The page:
in reply to Re^2: Documenting non-public OO components
in thread Documenting non-public OO components

In Java speek 'private' means only the class that declaired it can use it, 'public' means any one of any class can use it. Java also has the notion of 'protected' and 'package', basicly any subclass has access and any class in the same package has access respectivly.

The "SUBCLASSING" section would declair 'protected' (by convention only) methods. So it would not truely be 'public' in the sense of any class may call them, but it could be seen as 'public' in the sense that you have published their specs for all to see.

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Re^4: Documenting non-public OO components
by creamygoodness (Curate) on Sep 06, 2005 at 19:08 UTC
    My main concern is to indicate which parts of the libary non-developers may depend upon and which parts they must avoid using. I suppose it is true that any protected or even package components may be accessed if you hack your class just right in Java, but the presence of a protected method in a class which is not explicity intended to be subclassed would not lead me to believe that it was OK to subclass it.

    The problem that I have with a "SUBCLASSING" heading is that, if it's present it seems to indicate that the library allows users, not just developers, to subclass that class. That wouldn't always be the case.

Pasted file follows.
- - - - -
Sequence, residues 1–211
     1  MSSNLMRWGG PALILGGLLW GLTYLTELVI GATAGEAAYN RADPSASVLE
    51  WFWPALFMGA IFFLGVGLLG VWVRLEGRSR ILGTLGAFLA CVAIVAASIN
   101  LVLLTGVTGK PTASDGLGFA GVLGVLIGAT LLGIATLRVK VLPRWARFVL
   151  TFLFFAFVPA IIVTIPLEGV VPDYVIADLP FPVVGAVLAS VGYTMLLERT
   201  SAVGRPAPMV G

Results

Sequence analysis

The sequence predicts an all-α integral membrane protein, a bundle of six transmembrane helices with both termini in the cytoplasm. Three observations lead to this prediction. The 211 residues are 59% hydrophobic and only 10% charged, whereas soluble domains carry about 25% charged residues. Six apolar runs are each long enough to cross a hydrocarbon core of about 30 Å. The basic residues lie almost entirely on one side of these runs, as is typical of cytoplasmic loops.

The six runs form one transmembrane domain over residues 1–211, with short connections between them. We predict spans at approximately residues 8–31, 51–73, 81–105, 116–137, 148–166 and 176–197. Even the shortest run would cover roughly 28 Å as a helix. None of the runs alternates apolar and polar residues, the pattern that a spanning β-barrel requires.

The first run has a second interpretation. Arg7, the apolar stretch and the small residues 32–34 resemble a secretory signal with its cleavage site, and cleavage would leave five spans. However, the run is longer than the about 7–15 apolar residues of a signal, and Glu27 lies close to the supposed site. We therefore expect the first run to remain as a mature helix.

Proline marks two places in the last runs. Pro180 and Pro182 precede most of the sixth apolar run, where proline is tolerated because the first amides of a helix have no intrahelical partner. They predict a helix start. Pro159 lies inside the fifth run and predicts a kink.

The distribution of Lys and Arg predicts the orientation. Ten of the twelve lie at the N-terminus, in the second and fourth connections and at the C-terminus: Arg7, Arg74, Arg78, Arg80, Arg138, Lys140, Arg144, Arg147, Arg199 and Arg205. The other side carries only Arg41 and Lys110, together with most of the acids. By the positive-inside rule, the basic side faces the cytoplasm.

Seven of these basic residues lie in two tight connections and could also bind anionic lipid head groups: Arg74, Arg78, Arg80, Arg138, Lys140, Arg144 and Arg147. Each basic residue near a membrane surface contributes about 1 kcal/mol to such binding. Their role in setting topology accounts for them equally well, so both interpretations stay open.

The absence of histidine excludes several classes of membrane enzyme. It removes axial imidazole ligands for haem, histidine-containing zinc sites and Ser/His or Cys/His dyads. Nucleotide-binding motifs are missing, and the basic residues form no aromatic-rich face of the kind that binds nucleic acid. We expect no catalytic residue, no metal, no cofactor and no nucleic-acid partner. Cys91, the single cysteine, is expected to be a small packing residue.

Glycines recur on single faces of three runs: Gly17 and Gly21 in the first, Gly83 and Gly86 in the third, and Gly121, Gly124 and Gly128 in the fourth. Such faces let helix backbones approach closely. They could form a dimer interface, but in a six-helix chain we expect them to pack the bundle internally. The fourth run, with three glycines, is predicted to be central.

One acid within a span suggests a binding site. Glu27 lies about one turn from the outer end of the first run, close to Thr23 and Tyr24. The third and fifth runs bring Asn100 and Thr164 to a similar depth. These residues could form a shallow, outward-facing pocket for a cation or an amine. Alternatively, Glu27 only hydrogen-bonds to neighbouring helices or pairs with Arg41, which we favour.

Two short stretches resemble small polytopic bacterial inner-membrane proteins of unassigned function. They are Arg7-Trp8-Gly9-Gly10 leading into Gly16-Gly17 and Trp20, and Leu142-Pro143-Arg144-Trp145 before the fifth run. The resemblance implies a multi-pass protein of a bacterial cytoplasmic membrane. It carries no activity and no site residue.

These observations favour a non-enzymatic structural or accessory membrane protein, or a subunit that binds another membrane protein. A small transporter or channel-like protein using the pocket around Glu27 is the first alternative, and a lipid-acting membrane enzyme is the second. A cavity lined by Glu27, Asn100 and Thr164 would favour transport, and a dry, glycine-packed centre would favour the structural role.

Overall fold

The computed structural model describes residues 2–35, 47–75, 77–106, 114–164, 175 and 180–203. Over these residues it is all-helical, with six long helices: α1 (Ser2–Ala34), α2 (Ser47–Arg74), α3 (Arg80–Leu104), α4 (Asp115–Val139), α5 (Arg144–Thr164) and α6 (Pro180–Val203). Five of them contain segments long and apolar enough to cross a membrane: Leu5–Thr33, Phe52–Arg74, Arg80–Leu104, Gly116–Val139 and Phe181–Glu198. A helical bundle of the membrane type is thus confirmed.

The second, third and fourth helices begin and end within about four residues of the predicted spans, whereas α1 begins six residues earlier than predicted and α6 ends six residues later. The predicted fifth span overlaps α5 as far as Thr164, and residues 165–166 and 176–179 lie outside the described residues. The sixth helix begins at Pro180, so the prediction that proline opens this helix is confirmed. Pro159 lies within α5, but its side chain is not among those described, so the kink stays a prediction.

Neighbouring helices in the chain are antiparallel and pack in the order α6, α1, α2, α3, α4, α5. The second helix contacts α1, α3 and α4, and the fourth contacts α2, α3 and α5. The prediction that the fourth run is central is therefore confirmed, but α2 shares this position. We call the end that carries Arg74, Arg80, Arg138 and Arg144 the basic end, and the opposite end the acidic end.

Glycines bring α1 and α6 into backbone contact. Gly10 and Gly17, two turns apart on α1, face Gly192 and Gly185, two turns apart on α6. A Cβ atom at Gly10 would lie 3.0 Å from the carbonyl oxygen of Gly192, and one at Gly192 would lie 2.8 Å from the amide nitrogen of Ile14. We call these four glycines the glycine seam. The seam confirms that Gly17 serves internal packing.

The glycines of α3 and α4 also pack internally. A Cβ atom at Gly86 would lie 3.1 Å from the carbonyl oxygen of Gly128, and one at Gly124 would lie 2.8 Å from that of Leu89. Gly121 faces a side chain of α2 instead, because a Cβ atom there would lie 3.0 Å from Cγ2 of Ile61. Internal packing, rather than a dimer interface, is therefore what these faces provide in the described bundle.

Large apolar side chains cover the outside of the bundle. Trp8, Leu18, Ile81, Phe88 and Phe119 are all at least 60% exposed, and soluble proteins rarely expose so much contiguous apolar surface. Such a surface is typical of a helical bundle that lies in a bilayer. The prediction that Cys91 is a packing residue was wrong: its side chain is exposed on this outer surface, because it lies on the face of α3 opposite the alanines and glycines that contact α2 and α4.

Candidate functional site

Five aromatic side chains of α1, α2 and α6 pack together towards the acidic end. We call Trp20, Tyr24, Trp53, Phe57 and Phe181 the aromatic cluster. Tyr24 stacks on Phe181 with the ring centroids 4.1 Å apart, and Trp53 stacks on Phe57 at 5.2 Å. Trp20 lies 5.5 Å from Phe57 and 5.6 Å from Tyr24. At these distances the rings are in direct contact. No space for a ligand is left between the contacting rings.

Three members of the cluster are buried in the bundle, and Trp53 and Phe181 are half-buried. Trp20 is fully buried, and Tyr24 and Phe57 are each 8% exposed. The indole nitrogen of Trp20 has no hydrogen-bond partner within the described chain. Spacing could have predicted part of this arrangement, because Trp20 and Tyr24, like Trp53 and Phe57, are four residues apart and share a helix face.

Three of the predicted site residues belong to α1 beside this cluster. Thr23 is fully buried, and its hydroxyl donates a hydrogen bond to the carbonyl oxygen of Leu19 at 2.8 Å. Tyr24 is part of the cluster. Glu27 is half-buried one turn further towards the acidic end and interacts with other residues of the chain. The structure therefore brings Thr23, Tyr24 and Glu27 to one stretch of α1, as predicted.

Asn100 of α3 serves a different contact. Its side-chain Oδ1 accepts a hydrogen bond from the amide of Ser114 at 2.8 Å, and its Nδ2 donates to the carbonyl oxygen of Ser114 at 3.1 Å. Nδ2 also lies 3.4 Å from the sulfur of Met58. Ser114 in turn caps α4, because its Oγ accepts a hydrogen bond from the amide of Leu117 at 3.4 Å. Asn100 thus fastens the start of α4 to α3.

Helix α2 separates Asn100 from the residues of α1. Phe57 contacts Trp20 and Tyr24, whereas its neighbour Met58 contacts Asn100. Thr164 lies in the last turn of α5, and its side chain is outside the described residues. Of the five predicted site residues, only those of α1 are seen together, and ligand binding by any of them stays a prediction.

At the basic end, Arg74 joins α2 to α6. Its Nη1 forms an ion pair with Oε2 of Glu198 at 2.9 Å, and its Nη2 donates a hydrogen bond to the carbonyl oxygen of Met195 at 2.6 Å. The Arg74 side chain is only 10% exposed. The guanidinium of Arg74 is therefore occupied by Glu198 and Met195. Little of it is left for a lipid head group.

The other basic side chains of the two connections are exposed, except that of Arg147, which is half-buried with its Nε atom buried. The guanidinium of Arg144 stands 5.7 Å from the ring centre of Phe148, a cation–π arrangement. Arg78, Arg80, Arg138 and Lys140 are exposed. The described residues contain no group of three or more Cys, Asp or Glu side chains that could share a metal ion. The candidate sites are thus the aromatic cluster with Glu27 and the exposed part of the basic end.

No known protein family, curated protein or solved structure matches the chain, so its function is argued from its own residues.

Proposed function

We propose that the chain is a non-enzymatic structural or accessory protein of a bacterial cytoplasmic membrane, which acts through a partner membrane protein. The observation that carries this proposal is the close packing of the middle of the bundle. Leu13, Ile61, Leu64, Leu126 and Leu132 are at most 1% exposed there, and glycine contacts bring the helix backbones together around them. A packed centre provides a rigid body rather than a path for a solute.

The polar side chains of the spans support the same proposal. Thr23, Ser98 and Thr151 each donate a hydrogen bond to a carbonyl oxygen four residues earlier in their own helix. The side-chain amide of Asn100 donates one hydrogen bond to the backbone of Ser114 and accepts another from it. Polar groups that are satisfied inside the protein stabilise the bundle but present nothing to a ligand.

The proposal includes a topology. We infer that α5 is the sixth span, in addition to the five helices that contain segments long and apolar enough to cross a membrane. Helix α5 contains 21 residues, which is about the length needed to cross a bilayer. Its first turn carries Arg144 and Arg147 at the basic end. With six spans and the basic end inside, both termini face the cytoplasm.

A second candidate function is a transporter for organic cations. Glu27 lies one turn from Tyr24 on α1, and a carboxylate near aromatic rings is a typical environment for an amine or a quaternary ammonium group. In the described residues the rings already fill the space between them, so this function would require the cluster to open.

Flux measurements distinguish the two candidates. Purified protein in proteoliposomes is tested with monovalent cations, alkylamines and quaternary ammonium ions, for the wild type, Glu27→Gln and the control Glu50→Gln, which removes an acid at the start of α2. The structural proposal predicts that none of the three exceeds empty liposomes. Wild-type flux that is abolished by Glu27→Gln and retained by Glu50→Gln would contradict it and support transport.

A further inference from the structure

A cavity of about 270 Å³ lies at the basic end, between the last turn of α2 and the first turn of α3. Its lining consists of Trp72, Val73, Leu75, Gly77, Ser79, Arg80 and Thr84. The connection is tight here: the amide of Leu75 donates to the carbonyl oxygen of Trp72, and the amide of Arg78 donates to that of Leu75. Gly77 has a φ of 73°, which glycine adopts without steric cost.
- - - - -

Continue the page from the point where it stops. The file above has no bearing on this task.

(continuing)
Marvin Humphrey
    Rectangular Research ―

      IMO 'SUBCLASSING' implies developers extending the library rather than people simply using it, but I'll admit that's an interpretation...

      M-x auto-bs-mode

      the library allows users, not just developers, to subclass that class. That wouldn't always be the case.

      Wouldn't it? The view I take is that any time you have subclassed, you automatically become a developer. Is there any other reason to subclass than to extend or further develop a class?

        If you subclass a class I don't want people outside the core development team to subclass, I'm not going to support you and I might just switch up the API on you without warning and break your app.

        I'd rather you didn't shoot yourself in the head, but I don't think it matters whether you label yourself a "user", a "developer", or a "devil's advocate" if you do.

        Now, if I put up a big "SUBCLASSING" heading then switched the API on you, I think you'd have a reasonable beef with me, since that can easily be interpreted as granting permission to subclass. So I'm only going to put up that heading when it's actually OK for anyone and their dog to subclass.

        But there are other ocassions where the development team may want to have a few classes which inherit. It's silly to abridge the documentation of the inheritance hierarchy just because you can't figure out a way to convey to users/non-core-developers/devil's-advocates that they shouldn't subclass while still documenting the way the class es work. The answer is, label it "PROTECTED API" or something similar.

        On large systems, the interface design is harder, more important, and more expensive than the low-level code...

        Marvin Humphrey
        Rectangular Research ―